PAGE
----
24 or 48 h post transfection (XtremeGene HP) HEK293T cells expressing indicated sensors were collected and washed once with cold PBS buffer containing 1.5 μg mL−1 aprotinin and 1.5 μg mL−1 leupeptin. Where appropriate, steps were carried out on ice and/or at 4 °C. Cells were incubated in hypotonic lysis buffer (20 mM HEPES, 0.5 mM EDTA, 0.1 mM DTT, 1.5 μg mL−1 aprotinin, 1.5 μg mL−1 leupeptin and 50 μg mL−1 phenylmethanesulfonyl fluoride, pH 7.4) for 5 min. Cells were lysed with a 1 mL syringe in a pre-chilled cell homogenizer (Isobiotec) using an 8-micron clearance. Lysed cells were spun at 500 g for 5 min at 4 °C. Supernatants containing cell membranes were spun at 45,000 rpm in an ultracentrifuge for 45 min at 4 °C. Membrane pellets were washed 3x with pre-chilled suspension buffer containing 20 mM HEPES, 0.5 mM EDTA, 5 mM MgCl2, 0.1 mM DTT, 3 μM GDP, 1.5 μg mL−1 aprotinin, 1.5 μg mL−1 leupeptin and 50 μg mL−1 phenylmethanesulfonyl fluoride at pH 7.4. For radioligand binding assays, membranes were washed 3x with cold resuspension buffer supplemented with 100 mM NaCl. Membranes were resuspended in 1 mL of indicated pre-chilled buffer using a rotary pestle (Fisherbrand, 30 s). Membranes were spun again at 45,000 rpm for 45 min at 4 °C. Membrane pellets were resuspended in their respective resuspension buffers using a dounce homogenizer. Total protein concentration (mg mL−1) was calculated using a DC Protein Assay (Bio-Rad). Membranes were flash frozen in liquid nitrogen and stored at −80 °C.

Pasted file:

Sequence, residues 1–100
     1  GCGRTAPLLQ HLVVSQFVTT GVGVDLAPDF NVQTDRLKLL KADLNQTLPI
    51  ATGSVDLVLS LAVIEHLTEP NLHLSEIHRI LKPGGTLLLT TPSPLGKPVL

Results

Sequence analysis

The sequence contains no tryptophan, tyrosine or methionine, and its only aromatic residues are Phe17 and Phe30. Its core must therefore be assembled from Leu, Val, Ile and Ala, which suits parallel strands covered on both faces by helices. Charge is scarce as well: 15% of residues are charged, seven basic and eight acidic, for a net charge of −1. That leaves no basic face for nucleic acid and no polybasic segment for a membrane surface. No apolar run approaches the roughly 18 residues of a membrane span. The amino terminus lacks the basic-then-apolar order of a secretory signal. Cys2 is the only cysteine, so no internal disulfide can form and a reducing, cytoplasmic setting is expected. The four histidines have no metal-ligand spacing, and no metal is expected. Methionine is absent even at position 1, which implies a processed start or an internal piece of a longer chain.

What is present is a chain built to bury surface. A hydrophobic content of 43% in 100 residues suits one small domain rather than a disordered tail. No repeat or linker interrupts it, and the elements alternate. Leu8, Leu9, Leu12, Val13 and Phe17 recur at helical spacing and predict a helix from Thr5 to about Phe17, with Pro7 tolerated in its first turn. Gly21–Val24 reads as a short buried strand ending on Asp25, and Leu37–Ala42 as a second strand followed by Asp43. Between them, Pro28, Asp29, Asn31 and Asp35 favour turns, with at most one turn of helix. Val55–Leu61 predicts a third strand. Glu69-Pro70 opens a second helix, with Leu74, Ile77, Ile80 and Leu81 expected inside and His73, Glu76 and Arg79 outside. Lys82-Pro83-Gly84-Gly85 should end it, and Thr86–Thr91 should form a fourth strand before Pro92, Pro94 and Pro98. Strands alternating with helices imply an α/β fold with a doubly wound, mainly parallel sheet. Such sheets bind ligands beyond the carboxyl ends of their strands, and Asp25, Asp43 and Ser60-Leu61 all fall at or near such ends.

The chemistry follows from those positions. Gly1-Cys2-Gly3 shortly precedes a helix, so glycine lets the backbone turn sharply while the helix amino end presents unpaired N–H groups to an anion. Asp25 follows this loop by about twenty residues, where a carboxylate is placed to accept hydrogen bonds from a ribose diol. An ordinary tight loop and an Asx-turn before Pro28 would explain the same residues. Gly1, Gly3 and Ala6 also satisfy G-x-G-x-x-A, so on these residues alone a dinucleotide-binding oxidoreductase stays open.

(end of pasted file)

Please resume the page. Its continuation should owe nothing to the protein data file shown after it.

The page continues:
Sensor purification from HEK293 cells
For anti-Gβ experiments, purification of His tag-β2-AR-G protein and control (−) sensors from HEK293T cells followed the previously published protocol16. Frozen membranes were thawed quickly to room temperature and briefly re-homogenized with a rotary pestle. 5% cholate buffer (5% sodium cholate in 50 mM HEPES, 3 mM MgCl2, 50 mM NaCl with 1 μg mL−1 aprotinin, 1 μg mL−1 leupeptin, 10 μg mL−1 phenylmethanesulfonyl fluoride, and 5.5 mM β-mercaptoethanol, pH 8.0) was added to a final concentration of 1% cholate. This mixture was incubated on ice for 45 min and separated by ultracentrifugation at ~105,000 g for 40 min at 4 °C. The supernatant was harvested and diluted drop wise with four volumes of Buffer C to one volume of supernatant, and was pipetted gently to mix. The diluted supernatant was added to nickel-NTA resin (Qiagen) and incubated 30 min at 4 °C with rotation. The resin was washed 3x with 500 μL Buffer C + 5 mM imidazole. The final wash was removed and the resin was brought to room temperature and eluted for 3–5 min with 150 μL of elution buffer (Buffer C + 200 mM imidazole). The eluted resin was spun down, the supernatant harvested, and measured for mCerulean and mCitrine fluorescence in a fluorometer (as described above). Samples were stored in SDS laemmli sample buffer at −80 °C.